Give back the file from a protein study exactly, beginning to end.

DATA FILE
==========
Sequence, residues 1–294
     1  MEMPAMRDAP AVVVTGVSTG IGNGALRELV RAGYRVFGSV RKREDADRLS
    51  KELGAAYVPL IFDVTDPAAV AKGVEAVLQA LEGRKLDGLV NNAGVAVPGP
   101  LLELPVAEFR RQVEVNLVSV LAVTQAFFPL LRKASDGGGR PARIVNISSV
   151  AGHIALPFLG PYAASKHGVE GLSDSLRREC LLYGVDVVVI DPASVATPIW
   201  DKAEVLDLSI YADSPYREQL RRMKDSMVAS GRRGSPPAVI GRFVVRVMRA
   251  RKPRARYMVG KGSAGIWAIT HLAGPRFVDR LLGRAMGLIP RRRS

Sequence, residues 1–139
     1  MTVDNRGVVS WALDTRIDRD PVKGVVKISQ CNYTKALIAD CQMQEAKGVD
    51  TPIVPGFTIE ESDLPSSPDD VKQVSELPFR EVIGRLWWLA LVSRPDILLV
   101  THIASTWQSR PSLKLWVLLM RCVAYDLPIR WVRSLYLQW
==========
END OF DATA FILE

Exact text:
Sequence, residues 1–294
     1  MEMPAMRDAP AVVVTGVSTG IGNGALRELV RAGYRVFGSV RKREDADRLS
    51  KELGAAYVPL IFDVTDPAAV AKGVEAVLQA LEGRKLDGLV NNAGVAVPGP
   101  LLELPVAEFR RQVEVNLVSV LAVTQAFFPL LRKASDGGGR PARIVNISSV
   151  AGHIALPFLG PYAASKHGVE GLSDSLRREC LLYGVDVVVI DPASVATPIW
   201  DKAEVLDLSI YADSPYREQL RRMKDSMVAS GRRGSPPAVI GRFVVRVMRA
   251  RKPRARYMVG KGSAGIWAIT HLAGPRFVDR LLGRAMGLIP RRRS

Sequence, residues 1–139
     1  MTVDNRGVVS WALDTRIDRD PVKGVVKISQ CNYTKALIAD CQMQEAKGVD
    51  TPIVPGFTIE ESDLPSSPDD VKQVSELPFR EVIGRLWWLA LVSRPDILLV
   101  THIASTWQSR PSLKLWVLLM RCVAYDLPIR WVRSLYLQW